The Commencement of Gemini


I have about an hour in New Haven before the car must be returned and the train should be boarded. And a list of destinations to visit that are ever diminishing in possibility. The sushi place is closed on Mondays, the cafe of the world’s greatest lemon ginger tea doesn’t gps nearby, and I really need to eat lunch more than anything. There is that line from Douglas Adams about lunch time illusions and the doubling of said illusions.

As I’m driving through a street that runs the perimeter of the old campus, I see caps and gowns down the street and a perpetually changing wedding party full of families sitting at every outdoor cafe and shop. Lovers holding hands. A mom and day with daughter alone at a fancy restaurant. A group of twelve asking where the grandfather is, who was all in white and had two canes to walk around and was missing the story about how they found the drywall dust in the graduate’s shoe as evidence that he had in fact kicked a hole in the wall. He was one of the ten best of something, of what that I couldn’t quite catch, as I waited for my food I’ll eat as I walk around.

How much time do I ever really have anywhere? Is it ever enough? What’s enough?

Two days — enough to finally remember the name of the town, as I was leaving.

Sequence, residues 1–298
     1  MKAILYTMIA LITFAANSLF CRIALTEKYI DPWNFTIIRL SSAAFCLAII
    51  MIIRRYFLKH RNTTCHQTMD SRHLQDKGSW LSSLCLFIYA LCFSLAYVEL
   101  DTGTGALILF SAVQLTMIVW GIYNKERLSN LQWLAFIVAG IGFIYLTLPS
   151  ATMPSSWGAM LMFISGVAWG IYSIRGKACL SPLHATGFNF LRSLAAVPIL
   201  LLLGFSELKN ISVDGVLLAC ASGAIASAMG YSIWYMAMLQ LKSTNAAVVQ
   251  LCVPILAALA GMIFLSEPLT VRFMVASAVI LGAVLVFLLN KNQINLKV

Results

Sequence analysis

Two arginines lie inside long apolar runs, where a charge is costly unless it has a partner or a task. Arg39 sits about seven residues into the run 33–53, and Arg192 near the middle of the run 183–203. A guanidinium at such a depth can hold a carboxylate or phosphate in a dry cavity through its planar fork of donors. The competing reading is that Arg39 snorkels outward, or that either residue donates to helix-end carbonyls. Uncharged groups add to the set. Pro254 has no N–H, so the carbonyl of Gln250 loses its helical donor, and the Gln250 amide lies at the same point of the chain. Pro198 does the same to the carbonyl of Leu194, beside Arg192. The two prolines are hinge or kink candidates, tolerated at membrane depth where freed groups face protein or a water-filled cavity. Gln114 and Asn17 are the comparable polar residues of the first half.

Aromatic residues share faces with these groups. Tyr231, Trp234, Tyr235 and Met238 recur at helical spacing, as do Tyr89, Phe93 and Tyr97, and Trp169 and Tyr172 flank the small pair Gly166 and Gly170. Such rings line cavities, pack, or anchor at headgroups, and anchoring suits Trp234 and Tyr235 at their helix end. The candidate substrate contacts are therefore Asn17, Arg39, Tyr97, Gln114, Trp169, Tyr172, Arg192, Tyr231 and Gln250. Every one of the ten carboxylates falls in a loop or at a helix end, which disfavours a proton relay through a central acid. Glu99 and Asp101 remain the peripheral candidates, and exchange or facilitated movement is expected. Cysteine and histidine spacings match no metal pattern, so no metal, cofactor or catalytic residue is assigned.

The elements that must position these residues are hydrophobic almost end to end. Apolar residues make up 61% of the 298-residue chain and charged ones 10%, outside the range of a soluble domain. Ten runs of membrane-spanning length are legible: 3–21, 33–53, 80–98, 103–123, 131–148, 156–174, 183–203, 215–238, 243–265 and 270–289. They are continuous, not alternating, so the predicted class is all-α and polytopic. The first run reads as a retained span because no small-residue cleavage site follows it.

Eleven and one quarter hours — from brunch to the beginning of Gemini at ten fifteen pm — enough to make new friends, discuss retirements, visit the mill and the river with the yellow flower experience and the bluff but not even park there and then nap and write and drive to the retreat center with just enough time to get pads from the pagoda and temporarily stay for the eighteenth sitting on the fourth day of a full retreat and then, after the quiet sun entered Gemini again, hike up a cliff bluff to a platform overlooking the valley (again) in the dark and watch stars all rotate in unison against the prestige of a fixed blanket of clouds. We are there for too short of a time — but wait just long enough — and the sky clears for twenty minutes.  

Twenty minutes — enough to watch the moon set, and then unset below the lower crest of the clouds, and then set again with the finality of the candles end, the light of the wicker still undulating behind the clouds in backlight.  Twenty minutes — enough for silence and awe.

Ten — enough to walk just barely through campus to the empty sea of chairs and the unionized entropy of the ceremony grounds, and place the take out on the empty stage so I have both hands free to make an image.

Five — enough to learn from the couple on the platform heading back to Delaware that there were — supposedly — seventeen thousand seats. 

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